For instance, here’s a Lambda where the individual values are drawn from a beta distribution.

``````drawn_n_betas <- function(n) {
rbeta(n, shape1 = 2, shape2 = 2)
}

generate_random_lambda(K_a = K_a, K_b = K_b, random_generator = drawn_n_betas)
#>    a b avg_num_cons
#> 1  1 1   0.74878219
#> 2  2 1   0.03877181
#> 3  3 1   0.69267063
#> 4  4 1   0.60364815
#> 5  1 2   0.31644165
#> 6  2 2   0.55183415
#> 7  3 2   0.61135893
#> 8  4 2   0.16986558
#> 9  1 3   0.23948770
#> 10 2 3   0.46559814
#> 11 3 3   0.90508306
#> 12 4 3   0.58878403
``````

## Drawing simulated data from a model

Now that we have defined the two main inputs needed for determining an SBM, the group membership vectors and the Lambda matrix, we can proceed to actually drawing from the SBM model.

Note that we have provided names for the different node types with the `a_name` and `b_name` arguments.

``````all_node_pairs <- draw_from_model(b_a, b_b, Lambda, a_name = "Subjects", b_name = "Phecodes")
#> # A tibble: 6 x 6
#>   Subjects Phecodes a_group b_group avg_num_cons num_edges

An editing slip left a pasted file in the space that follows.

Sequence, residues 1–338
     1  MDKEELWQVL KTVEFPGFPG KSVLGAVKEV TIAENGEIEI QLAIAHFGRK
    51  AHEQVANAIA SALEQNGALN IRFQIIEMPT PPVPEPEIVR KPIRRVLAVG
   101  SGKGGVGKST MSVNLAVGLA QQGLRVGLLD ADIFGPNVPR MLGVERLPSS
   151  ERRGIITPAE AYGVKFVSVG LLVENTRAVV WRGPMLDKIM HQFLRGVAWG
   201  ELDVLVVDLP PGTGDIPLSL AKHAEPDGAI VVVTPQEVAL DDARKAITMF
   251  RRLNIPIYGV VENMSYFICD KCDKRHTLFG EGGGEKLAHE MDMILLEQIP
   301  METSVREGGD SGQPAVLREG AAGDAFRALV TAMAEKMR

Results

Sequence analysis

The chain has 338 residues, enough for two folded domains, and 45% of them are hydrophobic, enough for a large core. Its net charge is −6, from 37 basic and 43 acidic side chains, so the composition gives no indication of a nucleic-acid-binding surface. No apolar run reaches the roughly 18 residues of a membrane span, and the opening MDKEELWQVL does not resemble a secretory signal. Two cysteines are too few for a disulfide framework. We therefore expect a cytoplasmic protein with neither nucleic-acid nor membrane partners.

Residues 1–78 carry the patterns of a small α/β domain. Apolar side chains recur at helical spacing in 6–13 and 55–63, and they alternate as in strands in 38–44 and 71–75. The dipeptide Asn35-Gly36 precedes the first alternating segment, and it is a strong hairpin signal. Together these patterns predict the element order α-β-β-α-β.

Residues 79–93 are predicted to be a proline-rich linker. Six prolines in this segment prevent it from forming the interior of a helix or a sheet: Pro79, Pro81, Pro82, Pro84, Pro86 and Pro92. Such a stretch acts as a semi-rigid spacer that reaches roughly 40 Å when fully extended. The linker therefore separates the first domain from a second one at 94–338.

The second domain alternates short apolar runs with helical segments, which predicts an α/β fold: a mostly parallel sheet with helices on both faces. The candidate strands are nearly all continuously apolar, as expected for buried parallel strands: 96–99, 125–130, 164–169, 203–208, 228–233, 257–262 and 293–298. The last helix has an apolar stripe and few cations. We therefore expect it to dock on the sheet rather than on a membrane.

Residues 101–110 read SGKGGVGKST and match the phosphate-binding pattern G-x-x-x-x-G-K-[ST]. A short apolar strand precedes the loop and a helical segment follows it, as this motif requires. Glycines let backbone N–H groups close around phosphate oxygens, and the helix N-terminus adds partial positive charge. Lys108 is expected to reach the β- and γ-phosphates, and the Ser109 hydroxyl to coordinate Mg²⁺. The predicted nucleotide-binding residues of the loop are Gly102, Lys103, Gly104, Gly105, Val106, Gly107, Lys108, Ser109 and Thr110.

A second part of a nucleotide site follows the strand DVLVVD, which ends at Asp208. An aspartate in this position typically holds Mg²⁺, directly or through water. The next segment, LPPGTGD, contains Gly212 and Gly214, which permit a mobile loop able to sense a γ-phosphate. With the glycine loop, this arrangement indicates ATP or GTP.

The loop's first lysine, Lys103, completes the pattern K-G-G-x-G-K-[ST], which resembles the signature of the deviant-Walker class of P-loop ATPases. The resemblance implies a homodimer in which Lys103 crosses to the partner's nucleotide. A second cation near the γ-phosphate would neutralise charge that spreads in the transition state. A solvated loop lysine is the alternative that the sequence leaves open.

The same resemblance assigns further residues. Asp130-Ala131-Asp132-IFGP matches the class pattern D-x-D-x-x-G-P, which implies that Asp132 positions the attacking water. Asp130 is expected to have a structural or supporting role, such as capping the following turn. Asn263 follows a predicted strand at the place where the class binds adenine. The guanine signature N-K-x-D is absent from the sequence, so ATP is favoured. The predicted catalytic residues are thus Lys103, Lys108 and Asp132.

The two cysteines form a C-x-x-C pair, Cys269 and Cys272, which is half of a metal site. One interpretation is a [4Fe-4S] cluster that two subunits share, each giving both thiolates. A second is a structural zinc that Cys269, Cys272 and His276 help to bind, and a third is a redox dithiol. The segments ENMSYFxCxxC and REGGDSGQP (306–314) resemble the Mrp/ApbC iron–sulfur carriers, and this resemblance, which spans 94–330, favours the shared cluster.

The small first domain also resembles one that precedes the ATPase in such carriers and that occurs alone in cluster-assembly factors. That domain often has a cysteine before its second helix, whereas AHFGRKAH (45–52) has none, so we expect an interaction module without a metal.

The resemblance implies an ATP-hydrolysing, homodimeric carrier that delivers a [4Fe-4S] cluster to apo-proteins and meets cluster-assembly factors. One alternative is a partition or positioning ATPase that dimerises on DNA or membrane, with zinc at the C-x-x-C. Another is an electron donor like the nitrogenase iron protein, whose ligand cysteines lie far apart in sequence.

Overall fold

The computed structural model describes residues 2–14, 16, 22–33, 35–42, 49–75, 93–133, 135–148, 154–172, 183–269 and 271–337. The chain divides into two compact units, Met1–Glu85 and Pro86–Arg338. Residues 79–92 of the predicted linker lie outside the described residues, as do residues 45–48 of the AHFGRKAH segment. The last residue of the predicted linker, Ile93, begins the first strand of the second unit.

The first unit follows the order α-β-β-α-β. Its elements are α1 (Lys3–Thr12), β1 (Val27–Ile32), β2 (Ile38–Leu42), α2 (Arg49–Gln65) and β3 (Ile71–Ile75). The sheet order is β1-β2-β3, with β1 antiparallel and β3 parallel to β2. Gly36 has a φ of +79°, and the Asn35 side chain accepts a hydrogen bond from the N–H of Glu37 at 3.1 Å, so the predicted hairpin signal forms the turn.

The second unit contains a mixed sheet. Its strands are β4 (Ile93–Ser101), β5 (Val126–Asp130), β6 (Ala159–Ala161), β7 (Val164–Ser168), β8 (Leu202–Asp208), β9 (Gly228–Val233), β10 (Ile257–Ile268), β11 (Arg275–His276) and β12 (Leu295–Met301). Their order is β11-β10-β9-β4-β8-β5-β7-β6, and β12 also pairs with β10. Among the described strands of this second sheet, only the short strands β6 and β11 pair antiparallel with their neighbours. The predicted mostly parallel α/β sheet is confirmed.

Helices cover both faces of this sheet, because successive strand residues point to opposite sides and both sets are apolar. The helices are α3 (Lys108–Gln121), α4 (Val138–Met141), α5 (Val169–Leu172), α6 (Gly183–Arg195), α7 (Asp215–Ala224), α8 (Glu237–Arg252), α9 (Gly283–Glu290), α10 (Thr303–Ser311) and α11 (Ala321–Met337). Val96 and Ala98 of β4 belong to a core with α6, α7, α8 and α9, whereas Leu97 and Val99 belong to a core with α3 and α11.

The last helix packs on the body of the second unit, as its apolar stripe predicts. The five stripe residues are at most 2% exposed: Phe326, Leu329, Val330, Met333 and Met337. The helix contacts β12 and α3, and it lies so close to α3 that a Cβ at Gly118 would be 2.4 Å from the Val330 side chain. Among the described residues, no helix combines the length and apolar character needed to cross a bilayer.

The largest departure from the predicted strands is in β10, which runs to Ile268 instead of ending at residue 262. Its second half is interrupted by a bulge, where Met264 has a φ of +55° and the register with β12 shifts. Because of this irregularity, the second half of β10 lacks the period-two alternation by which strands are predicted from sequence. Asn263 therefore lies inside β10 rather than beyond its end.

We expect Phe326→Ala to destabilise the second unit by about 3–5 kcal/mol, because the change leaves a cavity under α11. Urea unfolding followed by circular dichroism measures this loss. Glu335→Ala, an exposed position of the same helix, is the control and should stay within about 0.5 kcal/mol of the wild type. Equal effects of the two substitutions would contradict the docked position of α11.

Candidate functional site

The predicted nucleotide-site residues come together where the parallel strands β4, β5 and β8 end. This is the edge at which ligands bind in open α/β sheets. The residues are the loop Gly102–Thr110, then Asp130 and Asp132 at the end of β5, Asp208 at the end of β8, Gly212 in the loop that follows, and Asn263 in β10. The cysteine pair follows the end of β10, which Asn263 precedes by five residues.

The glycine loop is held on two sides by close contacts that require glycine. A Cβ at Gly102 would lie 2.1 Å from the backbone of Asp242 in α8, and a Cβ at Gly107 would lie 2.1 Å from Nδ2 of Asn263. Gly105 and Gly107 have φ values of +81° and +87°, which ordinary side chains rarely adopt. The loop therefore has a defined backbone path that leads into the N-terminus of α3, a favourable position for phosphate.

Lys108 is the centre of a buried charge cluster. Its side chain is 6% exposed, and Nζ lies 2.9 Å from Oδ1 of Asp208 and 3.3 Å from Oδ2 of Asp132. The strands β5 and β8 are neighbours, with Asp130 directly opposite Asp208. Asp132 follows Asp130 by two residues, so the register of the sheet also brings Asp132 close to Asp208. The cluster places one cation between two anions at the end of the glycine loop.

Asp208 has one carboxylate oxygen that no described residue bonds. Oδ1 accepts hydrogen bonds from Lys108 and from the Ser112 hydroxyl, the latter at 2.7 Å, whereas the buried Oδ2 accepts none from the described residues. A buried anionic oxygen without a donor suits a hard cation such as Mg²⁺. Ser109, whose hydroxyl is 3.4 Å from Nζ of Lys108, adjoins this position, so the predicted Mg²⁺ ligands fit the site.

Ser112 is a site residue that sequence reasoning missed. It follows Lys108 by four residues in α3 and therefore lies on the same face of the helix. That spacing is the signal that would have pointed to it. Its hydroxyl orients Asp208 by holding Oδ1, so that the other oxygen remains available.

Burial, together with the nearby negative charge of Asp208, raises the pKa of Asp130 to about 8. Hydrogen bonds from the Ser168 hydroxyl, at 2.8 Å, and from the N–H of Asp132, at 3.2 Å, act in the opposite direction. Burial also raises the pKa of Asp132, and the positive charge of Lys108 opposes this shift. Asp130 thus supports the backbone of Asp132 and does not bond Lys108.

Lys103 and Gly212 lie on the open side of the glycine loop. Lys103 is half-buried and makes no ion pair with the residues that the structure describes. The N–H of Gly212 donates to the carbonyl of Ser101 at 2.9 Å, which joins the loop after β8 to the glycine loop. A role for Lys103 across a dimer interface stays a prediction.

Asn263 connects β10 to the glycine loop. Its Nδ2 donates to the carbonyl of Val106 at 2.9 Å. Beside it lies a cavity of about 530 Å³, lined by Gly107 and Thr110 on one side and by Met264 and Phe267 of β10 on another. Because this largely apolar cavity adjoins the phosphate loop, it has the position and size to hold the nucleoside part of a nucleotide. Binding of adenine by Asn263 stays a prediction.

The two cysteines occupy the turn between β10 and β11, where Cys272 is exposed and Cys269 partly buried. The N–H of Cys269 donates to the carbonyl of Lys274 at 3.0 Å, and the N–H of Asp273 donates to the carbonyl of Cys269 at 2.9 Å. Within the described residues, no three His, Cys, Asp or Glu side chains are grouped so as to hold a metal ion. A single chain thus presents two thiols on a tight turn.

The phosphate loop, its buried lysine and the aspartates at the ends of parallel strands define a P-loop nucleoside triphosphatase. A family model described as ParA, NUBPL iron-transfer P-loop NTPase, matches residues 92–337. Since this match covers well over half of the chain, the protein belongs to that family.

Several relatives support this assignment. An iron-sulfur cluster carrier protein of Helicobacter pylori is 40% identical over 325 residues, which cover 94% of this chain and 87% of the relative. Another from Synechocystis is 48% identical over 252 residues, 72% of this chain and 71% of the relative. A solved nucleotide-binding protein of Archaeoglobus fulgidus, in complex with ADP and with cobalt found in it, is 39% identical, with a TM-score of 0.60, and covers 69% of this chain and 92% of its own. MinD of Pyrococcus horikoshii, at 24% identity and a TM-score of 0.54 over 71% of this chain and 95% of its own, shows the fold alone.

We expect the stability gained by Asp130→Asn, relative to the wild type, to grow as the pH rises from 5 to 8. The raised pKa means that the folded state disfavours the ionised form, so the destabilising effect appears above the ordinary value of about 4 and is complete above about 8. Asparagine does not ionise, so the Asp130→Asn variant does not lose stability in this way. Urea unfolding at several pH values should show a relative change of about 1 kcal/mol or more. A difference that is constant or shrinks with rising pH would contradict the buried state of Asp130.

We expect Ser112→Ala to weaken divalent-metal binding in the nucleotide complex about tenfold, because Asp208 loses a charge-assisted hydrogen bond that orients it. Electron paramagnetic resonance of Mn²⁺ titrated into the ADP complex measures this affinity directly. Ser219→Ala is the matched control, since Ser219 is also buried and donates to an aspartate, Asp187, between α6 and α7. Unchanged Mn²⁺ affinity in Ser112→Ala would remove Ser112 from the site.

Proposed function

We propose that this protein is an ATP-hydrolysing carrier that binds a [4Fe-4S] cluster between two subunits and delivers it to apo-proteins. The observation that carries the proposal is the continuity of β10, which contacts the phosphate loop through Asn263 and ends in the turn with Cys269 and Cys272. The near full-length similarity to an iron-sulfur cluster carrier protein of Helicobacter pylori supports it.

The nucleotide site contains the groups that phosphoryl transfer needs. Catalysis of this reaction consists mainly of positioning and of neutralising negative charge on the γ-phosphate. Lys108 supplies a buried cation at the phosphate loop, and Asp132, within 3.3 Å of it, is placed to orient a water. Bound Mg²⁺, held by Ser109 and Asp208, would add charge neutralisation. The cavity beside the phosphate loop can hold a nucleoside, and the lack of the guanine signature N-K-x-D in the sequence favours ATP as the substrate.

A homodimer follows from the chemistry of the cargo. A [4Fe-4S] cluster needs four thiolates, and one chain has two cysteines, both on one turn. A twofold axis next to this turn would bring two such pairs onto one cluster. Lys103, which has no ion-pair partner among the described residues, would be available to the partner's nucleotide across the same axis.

#>      <int>    <int>   <int>   <int>        <dbl>     <int>
#> 1        1        1       1       1        0.393         0
#> 2        2        1       2       1        0.593         1
#> 3        3        1       3       1        0.877         1
#> 4        4        1       4       1        0.627         0
#> 5        5        1       1       1        0.393         1
#> 6        6        1       2       1        0.593         1
``````

We can compare this now with the true underlying generation parameters….

``````plot_sim_results <- function(drawn_node_pairs){
drawn_node_pairs %>%
gather(key = 'type', value = 'connections', num_edges, avg_num_cons) %>%
mutate(type = ifelse(type == 'num_edges', "Drawn Values", "Lambda")) %>%
arrange(a_group, b_group) %>%
ggplot(aes(y = reorder(Subjects, a_group), x = reorder(Phecodes, b_group))) +
geom_tile(aes(fill = connections), color = "white") +
facet_wrap(~type) +
scale_fill_gradient(low = "white", high = "#56B1F7") +
theme_minimal() +
theme(axis.text = element_blank()) +
labs(y = 'Subjects', x = 'Phecodes')
}

plot_sim_results(all_node_pairs)
``````

### Binary Mode

If only binary connected, not-connected results are desired, there is an option `binary_connections` in `draw_from_model()` that uses the bernouli distribution to decide if each edge exists or not, rather than the standard Poisson.

``````draw_from_model(
b_a = b_a,
b_b = b_b,
Lambda = Lambda,
binary_connections = TRUE,
a_name = "Subjects",
b_name = "Phecodes"
) %>%
plot_sim_results()
``````

## Setting up planted patterns